Yong-Hui Zheng, Michigan State University – Natural Defense Against HIV

Dr. Yong-Hui Zheng of the Microbiology and Molecular Genetics Department at MSU.

Your body may be all you need to combat HIV.

Yong-Hui Zheng, associate professor of microbiology and molecular genetics at Michigan State University, examines how studying a group of patients known as the Elite Controllers may unlock the secret to HIV resistance.

My laboratory focuses on retrovirus-host interactions using HIV-1, a human retrovirus that causes AIDS. In particular, we are interested to study natural host factors that have the ability to inhibit retrovirus replication. These host proteins are called restriction factors. Understanding the antiviral activity of these restriction factors has permitted the discovery of novel antiretroviral mechanisms, and holds the great promise of new antiretroviral therapies. During the past, we have demonstrated the anti-HIV-1 activity of human APOBEC3DE and APOBEC3H proteins, which belong to the APOBEC3 sub-family of cytidine deaminases. APOBEC3 proteins have very potent antiretroviral activity, but, unfortunately, most of them are neutralized by the viral protein Vif. Thus, a complex competition exists between the host cell and the virus that is driven by evolution.

A major effort in the laboratory is to discover new type of restriction factors. Recently, we reported that MOV10 has very broad and potent antiretroviral activities. MOV10, a putative RNA helicase, can be packaged into virions and inhibits viral replication at a post-entry step, resulting in 20- to 100-fold reduction of HIV-1 infectivity. In addition, we reported a novel HIV-1 restriction phenotype in a human T cell line CEM.NKR. Although these cells express normal levels of CD4 and CXCR4, they are highly resistant to HIV-1 infection. In fact, we found that they express an unknown restriction factor that potently inhibits HIV-1 replication.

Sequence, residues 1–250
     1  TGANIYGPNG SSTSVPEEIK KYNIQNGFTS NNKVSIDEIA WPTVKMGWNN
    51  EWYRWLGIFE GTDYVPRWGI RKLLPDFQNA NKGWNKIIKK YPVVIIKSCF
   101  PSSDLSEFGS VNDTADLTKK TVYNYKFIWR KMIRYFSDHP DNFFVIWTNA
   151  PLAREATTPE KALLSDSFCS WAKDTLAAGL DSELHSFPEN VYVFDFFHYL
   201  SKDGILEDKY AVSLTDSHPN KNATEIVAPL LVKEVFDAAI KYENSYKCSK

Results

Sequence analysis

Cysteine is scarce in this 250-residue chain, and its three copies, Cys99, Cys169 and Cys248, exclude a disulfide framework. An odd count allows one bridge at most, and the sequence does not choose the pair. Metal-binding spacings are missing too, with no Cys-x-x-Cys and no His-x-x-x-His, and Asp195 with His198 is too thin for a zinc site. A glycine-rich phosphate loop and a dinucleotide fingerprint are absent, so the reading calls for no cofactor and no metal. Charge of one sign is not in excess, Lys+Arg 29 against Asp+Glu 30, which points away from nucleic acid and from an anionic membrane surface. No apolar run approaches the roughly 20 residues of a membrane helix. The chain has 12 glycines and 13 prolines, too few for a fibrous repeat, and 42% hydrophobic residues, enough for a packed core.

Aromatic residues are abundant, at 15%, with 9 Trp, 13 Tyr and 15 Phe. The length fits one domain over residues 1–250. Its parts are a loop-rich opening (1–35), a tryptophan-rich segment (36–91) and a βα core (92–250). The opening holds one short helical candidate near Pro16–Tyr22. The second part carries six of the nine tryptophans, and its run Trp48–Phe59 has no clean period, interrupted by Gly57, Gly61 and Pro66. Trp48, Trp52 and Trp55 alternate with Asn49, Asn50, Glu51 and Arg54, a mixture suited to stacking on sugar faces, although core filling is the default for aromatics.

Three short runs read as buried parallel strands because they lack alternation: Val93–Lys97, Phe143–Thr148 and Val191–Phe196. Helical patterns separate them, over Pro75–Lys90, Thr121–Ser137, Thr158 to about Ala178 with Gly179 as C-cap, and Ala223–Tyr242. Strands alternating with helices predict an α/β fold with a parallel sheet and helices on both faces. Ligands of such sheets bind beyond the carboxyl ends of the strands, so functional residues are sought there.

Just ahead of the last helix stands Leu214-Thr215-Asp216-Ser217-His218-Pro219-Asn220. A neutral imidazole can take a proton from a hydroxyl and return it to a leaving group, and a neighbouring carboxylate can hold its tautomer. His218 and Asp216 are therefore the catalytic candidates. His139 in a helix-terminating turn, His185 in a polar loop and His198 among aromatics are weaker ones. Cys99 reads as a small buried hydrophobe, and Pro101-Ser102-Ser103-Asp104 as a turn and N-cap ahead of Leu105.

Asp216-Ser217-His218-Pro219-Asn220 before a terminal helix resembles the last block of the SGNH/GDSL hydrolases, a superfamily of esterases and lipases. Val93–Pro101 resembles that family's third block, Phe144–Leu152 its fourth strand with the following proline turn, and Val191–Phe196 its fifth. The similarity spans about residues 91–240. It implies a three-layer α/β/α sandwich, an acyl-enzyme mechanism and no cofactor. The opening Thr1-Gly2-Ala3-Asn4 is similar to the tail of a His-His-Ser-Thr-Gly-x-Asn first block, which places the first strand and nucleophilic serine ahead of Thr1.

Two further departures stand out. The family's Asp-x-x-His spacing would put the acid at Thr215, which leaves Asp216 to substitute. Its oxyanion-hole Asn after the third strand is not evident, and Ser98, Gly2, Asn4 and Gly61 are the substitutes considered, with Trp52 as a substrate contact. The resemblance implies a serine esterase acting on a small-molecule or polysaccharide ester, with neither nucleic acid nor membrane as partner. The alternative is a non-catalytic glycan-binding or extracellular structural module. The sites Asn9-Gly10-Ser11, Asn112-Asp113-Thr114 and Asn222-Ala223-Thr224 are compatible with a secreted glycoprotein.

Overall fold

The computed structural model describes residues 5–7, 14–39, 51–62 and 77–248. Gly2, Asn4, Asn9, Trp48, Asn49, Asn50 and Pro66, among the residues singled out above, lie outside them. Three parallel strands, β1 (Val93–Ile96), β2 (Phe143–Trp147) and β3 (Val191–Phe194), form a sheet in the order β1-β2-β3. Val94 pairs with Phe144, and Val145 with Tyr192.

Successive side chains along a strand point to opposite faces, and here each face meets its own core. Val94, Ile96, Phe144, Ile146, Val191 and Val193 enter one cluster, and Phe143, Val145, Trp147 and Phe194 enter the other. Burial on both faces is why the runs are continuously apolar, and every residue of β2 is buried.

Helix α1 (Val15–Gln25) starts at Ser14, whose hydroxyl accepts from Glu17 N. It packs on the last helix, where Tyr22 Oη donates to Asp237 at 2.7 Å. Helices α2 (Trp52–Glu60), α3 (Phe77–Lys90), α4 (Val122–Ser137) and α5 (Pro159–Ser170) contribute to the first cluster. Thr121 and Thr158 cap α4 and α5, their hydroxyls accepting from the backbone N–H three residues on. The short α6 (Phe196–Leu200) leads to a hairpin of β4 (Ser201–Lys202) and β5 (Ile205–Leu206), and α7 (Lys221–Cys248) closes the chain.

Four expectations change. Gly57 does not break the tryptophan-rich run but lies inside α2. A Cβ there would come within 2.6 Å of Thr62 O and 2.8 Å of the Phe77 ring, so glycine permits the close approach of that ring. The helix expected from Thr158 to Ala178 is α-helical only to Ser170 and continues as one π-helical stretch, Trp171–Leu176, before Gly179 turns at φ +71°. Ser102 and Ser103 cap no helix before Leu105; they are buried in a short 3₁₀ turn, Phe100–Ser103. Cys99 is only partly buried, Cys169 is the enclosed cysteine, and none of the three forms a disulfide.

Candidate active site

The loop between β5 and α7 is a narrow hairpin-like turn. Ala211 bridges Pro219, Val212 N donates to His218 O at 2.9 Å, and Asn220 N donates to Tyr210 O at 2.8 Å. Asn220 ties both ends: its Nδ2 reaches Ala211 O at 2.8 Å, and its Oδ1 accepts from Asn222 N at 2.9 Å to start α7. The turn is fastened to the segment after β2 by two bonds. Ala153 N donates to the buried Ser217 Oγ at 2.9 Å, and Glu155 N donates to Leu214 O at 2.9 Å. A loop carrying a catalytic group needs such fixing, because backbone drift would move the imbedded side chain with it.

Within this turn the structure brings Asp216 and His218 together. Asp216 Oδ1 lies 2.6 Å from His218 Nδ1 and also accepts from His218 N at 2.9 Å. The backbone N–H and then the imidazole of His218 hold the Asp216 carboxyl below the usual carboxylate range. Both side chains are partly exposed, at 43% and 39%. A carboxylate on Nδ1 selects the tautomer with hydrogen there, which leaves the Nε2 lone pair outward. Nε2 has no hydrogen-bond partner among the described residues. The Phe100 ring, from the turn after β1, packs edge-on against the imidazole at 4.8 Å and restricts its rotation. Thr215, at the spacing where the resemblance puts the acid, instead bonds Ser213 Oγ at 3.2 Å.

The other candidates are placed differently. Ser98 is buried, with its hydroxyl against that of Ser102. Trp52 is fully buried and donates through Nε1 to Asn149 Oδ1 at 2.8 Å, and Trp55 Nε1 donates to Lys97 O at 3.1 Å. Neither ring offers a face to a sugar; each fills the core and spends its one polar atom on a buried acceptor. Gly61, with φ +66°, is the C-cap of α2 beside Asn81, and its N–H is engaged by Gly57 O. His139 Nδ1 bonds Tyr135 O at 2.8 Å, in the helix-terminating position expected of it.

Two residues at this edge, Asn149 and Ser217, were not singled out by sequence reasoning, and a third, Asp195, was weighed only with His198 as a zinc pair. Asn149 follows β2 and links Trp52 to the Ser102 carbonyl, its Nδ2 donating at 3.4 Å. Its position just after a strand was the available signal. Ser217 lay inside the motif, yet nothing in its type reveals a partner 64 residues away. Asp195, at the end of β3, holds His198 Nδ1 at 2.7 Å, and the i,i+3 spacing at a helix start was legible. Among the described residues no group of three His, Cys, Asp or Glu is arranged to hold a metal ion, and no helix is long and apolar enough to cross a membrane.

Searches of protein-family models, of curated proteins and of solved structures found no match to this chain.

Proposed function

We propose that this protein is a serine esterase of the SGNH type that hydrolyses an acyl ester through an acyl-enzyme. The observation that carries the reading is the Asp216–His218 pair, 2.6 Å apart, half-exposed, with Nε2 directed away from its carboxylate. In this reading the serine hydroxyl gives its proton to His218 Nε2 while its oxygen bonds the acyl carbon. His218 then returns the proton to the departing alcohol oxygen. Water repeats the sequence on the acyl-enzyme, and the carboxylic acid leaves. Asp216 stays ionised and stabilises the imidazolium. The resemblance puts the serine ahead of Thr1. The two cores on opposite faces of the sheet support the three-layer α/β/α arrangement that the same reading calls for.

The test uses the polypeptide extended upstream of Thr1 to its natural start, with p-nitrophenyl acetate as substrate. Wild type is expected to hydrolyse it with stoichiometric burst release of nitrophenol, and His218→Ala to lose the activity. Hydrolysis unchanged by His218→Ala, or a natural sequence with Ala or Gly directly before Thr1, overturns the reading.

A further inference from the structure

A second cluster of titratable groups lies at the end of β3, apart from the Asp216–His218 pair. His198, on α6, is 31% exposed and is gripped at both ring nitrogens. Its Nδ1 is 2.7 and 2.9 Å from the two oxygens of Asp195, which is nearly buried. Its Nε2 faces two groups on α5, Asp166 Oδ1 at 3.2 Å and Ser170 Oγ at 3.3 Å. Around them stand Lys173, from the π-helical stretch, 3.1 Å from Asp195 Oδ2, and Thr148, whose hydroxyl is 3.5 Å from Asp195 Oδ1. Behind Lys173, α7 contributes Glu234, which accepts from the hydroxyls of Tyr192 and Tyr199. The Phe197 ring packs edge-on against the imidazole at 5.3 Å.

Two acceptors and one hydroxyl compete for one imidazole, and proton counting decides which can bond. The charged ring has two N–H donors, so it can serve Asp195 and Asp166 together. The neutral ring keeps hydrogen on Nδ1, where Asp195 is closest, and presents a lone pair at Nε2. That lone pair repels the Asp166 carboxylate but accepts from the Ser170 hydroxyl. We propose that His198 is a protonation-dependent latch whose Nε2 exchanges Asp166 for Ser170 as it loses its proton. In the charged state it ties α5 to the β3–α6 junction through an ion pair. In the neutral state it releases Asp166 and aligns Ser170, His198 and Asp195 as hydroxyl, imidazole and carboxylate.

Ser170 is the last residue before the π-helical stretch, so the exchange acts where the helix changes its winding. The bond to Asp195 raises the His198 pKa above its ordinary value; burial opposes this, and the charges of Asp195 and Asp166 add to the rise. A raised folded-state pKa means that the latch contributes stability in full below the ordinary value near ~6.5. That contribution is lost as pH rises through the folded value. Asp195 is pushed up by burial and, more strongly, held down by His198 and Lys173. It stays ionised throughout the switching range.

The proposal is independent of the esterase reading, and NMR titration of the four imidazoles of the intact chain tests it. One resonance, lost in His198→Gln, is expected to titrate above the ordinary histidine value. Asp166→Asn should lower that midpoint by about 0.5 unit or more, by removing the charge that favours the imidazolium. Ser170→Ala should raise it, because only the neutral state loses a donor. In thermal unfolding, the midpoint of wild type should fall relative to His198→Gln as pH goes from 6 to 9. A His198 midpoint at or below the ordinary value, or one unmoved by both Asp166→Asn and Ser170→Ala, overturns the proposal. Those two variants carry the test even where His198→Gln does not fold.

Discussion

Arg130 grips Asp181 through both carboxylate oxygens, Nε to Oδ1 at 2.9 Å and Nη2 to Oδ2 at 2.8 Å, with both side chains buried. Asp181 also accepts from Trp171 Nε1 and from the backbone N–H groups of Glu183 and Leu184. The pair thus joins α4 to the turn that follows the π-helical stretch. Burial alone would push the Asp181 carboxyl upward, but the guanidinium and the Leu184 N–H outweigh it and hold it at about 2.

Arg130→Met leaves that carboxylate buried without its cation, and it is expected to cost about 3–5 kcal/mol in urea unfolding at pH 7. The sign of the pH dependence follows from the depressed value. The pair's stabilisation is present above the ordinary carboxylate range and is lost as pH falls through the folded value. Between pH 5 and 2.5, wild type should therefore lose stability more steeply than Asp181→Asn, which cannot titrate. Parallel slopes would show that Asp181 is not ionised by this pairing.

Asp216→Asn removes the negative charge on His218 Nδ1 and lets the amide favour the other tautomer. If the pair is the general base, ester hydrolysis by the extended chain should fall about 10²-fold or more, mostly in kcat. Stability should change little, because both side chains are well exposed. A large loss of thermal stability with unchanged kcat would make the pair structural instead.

Natural Defense Against HIV

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Currently, there is no cure for HIV-1; once patients have it, they have it for life. While antiretroviral therapies are certainly available, they can only prolong life, albeit dramatically, but they cannot cure the disease. Current drug treatments have to be taken for a lifetime, which causes side effects and many other issues.

HIV does not cause the devastating disease in a small cohort of patients, who are known as “Elite controllers.” Understanding the secret in this HIV resistance may find a cure for HIV. We studied HIV resistance in human T cells because these cells are primary targets for HIV-1 infection. We identified a human T cell line called CEM.NKR, where HIV replication is decreased by almost 1,000-fold. Understanding the HIV resistant mechanism in these T cells has been the primary interest in our laboratory.

Our initial findings uncovered that although these T cells could make the other HIV proteins, they fail to express the HIV envelope glycoprotein, because this protein is rapidly degraded in these T cells. The envelope glycoprotein is required for HIV to penetrate into cells and start infection. Now, we’ve found an important host enzyme that initiates the degradation of HIV envelope glycoprotein. This enzyme is called ERManI.

More than 1.2 million people in the US have HIV.  In China, doctors found 104,000 new cases of HIV/AIDS in 2014. The number of infections is rising, even though the country still has a low rate of infection. Although progress seems slow at times, we continue to move our research forward: finding a cure will take many years. We feel that it’s important enough, on a world-wide scale, to dedicate our work to fighting this disease.

 

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